“This is and always has been a dismissable offence in my business and there are reminder notices in every one of my staff rooms reminding employees of this policy as well as the Employee Handbook. Employees are aware of the risk they take should they decide to do this. This will continue to be the case.” ®

Bootnote

*Mounsey may have a point. If his 740 employees were each to give their workmates an extra dose of McFlurry chocolate pieces - let's say one gram a shot - every time the greedy bastards wanted a "nice one" - let's say that's one colleague request per employee per day - that'd be 740g of choc bits per day, or a staggering 270kg of chocolate a year.

Since McDonald's allegedly only uses the finest ingredients, presumably similar, for example, to Dark Origin Ecuador (£3.50 for 50g at today's online market price), the potential hit to the company coffers is a McMagnificent £18,900 per annum.

The profligate Ms Finch, before she was given her McMarching orders, was earning around £180 a week. Even on that impressive salary, it would take her a tad over two years to repay the freebie chocolate bill.

Boost IT visibility and business value

More from The Register

next story
Drunkards warned: If you can't walk in a straight line, don't shop online, you fool!
Put it away boys. Cover them up ladies. Your credit cards, we mean
Yes, but what are your plans if a DRAGON attacks?
Local UK gov outs most ridiculous FoI requests...
Cops baffled by riddle of CHICKEN who crossed ROAD
'Officers were unable to determine Chicken's intent'
Murder accused DIDN'T ask Siri 'how to hide my roommate'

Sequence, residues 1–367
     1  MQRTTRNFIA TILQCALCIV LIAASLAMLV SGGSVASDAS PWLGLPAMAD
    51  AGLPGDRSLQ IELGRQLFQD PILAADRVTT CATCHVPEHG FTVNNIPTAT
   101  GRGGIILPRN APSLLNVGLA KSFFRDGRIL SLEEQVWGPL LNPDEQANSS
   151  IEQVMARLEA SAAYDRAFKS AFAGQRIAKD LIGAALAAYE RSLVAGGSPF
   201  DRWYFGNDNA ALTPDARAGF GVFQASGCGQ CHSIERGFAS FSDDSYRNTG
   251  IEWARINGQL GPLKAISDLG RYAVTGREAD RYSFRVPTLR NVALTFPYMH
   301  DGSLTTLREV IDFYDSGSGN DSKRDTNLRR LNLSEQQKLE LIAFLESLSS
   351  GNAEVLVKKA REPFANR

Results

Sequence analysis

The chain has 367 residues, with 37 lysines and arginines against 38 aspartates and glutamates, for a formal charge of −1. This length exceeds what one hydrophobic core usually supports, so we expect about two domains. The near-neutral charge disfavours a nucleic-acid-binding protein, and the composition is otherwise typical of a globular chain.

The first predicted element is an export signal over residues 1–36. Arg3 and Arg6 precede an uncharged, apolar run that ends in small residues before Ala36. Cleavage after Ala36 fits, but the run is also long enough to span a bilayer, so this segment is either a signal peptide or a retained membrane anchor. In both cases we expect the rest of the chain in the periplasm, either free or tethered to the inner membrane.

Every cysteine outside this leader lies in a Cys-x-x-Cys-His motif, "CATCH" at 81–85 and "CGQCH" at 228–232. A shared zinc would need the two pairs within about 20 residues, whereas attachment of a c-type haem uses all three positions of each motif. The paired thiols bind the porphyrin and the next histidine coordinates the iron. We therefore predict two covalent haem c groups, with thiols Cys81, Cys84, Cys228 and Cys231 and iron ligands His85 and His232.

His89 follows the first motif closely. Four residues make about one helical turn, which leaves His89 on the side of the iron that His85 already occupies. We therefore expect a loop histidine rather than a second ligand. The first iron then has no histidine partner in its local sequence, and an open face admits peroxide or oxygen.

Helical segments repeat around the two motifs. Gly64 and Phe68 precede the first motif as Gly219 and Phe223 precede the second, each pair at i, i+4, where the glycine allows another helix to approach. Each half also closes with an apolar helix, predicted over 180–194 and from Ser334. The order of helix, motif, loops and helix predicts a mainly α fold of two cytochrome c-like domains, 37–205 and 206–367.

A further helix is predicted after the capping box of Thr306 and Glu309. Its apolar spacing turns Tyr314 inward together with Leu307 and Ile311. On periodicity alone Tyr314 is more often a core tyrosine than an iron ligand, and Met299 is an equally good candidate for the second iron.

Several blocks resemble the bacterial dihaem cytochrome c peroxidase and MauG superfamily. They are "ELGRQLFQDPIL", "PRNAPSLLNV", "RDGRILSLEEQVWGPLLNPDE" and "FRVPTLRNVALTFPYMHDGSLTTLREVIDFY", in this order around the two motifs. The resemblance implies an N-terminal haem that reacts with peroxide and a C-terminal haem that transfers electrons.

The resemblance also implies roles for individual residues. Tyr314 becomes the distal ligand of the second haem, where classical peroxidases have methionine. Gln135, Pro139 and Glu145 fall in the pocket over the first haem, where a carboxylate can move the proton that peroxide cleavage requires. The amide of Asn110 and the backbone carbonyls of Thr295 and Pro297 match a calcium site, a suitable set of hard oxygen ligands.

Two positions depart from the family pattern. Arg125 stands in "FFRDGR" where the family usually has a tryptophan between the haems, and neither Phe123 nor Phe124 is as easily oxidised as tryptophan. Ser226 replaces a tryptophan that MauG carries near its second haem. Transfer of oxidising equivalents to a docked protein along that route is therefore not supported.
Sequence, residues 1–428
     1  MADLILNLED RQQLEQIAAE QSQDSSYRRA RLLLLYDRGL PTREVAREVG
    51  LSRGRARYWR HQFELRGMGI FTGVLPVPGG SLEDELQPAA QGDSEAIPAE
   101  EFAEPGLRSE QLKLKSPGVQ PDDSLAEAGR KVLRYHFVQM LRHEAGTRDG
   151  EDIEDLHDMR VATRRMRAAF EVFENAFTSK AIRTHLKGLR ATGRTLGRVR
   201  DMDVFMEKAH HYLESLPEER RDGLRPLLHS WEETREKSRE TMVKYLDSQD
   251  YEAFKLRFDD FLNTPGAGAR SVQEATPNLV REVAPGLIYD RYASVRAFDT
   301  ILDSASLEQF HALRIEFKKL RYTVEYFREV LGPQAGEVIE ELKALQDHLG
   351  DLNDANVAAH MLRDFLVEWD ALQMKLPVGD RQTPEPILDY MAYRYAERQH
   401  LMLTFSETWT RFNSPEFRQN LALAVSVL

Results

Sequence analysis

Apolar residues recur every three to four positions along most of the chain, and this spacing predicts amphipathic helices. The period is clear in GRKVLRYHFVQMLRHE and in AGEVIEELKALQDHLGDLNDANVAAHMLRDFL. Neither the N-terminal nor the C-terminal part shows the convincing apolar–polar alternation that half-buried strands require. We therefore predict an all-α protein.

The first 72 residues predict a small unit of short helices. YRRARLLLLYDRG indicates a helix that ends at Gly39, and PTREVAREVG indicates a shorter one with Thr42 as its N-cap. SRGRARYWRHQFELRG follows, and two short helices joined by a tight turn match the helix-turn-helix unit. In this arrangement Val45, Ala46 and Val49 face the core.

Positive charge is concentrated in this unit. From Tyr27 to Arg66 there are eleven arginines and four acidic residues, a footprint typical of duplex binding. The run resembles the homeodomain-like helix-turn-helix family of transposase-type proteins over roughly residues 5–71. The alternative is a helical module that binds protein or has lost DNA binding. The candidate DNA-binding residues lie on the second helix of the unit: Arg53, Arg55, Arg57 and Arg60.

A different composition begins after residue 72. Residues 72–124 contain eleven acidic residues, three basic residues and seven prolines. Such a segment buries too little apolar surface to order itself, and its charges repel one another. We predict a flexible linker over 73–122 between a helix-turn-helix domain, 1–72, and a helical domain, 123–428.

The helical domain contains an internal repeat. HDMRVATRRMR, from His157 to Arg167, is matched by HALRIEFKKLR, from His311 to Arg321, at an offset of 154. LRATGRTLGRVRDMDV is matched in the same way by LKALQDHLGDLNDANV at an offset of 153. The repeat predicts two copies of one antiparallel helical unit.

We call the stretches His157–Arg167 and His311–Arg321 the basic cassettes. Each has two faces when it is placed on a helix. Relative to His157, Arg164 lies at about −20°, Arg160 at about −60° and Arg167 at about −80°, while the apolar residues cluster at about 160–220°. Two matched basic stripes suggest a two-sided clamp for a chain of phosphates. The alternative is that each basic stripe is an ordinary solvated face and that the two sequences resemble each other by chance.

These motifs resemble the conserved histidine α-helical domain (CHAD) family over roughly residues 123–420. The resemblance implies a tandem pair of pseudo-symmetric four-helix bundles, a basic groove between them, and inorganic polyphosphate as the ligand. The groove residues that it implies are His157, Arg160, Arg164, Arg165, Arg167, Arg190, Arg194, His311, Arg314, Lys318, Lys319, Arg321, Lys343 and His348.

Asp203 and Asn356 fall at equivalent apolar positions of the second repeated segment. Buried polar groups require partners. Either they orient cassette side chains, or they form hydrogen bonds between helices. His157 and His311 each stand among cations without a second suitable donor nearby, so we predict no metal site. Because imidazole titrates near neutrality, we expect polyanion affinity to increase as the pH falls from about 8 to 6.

US court hears of cached browser image - not actual request
Why your mum was WRONG about whiffy tattooed people
They're a future source of RENEWABLE ENERGY
Chomp that sausage: Brits just LOVE scoffing a Full Monty
Sales of traditional brekkie foods soar as hungry folk get their mitts greasy
Nuts to your poncey hipster coffees, I want a TESLA ELECTRO-CAFE
Examining the frothy disconnect in indie cafe culture
prev story

Whitepapers

Implementing global e-invoicing with guaranteed legal certainty
Explaining the role local tax compliance plays in successful supply chain management and e-business and how leading global brands are addressing this.
Top 10 endpoint backup mistakes
Avoid the ten endpoint backup mistakes to ensure that your critical corporate data is protected and end user productivity is improved.
Top 8 considerations to enable and simplify mobility
In this whitepaper learn how to successfully add mobile capabilities simply and cost effectively.
Rethinking backup and recovery in the modern data center
Combining intelligence, operational analytics, and automation to enable efficient, data-driven IT organizations using the HP ABR approach.
Reg Reader Research: SaaS based Email and Office Productivity Tools
Read this Reg reader report which provides advice and guidance for SMBs towards the use of SaaS based email and Office productivity tools.